Figure 3 Definitions of PPC and SHS. PPC, paediatric palliative care; SHS, serious health related suffering(7,53,54).

If you ask a child what their concerns are they will tell you

One of the important things about an outcome measure is that it measures the outcomes that are important to the CYP and their family, and not those important to the health professional. Thus, an essential component of the development of an outcome measure for PPC is to interview the CYP and their families and find out what is important for them. A misconception in research in paediatrics is that children are unable to tell you what they want, that some of the topics might be too sensitive for the child, that you will upset the child etc. This is not the case, and there have been many instances of qualitative research with children as young as five on sensitive issues (55).

Experience in interviewing children during the development of the C-POS is that they are able to tell you what is important to them, the outcomes of the care that they would like to see, being realistic that for many of them, cure is not an option. Throughout the development of the C-POS children have been interviewed across a range of ages with a variety of life-limiting and life-threatening conditions such as HIV/AIDS, cancer, organ failure etc. Whilst many of the issues identified by the CYP map well with the initial C-POS, there are areas that have been identified that have not been included, and work is ongoing as to how these can be added, for example the importance of education, of going to school, of keeping up with school work whilst in hospital, and of the social element of school.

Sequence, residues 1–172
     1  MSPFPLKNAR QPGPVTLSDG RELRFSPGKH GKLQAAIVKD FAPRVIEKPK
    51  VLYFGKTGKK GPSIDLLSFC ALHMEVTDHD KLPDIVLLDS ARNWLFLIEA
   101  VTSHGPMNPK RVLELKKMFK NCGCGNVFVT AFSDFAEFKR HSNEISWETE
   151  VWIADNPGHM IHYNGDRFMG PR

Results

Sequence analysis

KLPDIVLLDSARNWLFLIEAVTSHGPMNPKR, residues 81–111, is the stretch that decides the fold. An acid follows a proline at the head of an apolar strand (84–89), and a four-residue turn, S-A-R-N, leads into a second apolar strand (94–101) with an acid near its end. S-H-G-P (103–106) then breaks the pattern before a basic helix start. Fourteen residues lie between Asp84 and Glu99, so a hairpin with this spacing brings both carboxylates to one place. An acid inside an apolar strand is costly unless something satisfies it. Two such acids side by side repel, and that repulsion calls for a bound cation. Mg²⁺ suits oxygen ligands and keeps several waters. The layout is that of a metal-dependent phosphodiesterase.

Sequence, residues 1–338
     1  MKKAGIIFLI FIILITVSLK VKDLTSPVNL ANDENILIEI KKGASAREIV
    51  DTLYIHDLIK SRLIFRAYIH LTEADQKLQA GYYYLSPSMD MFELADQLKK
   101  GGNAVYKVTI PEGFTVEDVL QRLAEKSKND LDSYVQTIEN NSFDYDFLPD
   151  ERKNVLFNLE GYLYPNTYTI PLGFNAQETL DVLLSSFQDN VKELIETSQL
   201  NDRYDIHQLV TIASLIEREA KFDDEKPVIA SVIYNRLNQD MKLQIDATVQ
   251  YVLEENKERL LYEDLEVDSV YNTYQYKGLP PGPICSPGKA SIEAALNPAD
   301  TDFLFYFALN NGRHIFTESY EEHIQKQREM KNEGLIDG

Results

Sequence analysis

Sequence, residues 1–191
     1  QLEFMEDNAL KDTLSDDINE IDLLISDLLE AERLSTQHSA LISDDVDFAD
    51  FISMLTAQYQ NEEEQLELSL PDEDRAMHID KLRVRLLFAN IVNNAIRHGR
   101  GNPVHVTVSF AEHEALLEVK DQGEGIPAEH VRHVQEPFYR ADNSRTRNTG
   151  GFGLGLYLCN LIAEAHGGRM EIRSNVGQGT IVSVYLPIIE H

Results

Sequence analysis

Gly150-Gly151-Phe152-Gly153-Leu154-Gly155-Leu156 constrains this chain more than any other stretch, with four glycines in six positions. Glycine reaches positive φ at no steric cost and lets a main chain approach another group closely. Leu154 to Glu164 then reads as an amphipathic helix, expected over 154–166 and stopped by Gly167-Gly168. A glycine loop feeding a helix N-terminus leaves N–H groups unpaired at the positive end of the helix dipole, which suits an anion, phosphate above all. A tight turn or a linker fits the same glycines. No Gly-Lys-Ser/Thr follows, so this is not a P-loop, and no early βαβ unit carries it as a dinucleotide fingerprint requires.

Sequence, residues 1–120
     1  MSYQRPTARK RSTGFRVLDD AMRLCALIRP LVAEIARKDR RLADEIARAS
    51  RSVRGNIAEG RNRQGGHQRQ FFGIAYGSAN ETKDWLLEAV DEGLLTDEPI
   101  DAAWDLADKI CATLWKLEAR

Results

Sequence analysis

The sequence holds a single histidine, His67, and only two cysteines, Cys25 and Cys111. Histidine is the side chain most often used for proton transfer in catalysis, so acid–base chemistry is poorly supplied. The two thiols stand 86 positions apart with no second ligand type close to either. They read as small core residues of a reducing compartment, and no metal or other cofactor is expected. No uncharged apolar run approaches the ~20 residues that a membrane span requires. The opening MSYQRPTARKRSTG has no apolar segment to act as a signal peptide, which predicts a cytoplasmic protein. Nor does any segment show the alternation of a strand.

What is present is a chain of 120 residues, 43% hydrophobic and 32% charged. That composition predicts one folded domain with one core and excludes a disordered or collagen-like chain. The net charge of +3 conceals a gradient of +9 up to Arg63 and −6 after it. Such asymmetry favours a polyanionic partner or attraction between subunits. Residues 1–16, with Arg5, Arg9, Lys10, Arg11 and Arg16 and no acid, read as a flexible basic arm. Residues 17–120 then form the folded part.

Child and/or proxy report?

One of the areas of contention in the development of PROMs is the issue of ‘patient-reported’ versus ‘proxy-reported’ instruments (56). Whilst the gold standard for outcome measurement is patient-reported (32), this may not always be possible in PPC, due for example to: the age of the child; the condition of the child such as if they are unconscious; if they do not wish to open up to a stranger; if they have limited vocabulary; and whether the child is able to talk, or communicate in other ways such as by pointing (57). PROMs are usually self-completed or can be facilitated by an interviewer. The reality within PPC is that the child will be helped, either by their family, or the health care professional to complete the outcome measure.